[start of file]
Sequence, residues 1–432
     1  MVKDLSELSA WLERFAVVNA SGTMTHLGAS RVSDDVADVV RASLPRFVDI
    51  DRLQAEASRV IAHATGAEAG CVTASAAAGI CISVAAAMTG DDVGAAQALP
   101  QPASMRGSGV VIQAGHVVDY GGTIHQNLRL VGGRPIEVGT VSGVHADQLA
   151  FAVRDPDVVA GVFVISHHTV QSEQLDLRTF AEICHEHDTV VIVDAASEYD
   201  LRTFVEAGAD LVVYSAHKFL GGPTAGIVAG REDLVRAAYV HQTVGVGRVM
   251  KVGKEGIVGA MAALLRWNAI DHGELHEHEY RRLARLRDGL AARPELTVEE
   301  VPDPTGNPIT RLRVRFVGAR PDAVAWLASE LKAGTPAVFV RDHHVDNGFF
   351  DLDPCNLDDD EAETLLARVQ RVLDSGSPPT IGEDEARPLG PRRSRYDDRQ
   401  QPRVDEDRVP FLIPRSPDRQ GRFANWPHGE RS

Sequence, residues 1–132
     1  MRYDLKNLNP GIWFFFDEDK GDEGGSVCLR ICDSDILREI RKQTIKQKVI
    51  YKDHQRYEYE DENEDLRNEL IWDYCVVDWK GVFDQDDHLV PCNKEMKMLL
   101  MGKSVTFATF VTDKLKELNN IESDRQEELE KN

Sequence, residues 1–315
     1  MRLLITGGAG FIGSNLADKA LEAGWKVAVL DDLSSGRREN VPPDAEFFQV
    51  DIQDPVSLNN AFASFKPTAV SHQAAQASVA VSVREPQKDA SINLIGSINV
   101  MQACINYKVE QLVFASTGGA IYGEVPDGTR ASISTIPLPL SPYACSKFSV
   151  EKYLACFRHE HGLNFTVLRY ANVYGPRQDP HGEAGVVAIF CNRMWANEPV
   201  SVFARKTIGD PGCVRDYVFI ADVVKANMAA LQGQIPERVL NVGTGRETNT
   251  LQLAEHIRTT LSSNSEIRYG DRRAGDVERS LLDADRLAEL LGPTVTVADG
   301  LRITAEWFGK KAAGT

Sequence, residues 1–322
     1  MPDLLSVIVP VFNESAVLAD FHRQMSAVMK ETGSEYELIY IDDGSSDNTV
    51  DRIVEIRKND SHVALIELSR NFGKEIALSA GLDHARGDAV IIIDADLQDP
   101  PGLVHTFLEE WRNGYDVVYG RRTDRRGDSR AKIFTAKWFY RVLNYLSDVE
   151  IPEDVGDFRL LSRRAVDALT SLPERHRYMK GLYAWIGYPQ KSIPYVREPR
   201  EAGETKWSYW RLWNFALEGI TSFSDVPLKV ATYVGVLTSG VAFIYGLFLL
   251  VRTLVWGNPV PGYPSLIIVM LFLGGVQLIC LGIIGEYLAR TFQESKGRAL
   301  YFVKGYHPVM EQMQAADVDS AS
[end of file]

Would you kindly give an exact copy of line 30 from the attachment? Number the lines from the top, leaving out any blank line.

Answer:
   301  YFVKGYHPVM EQMQAADVDS AS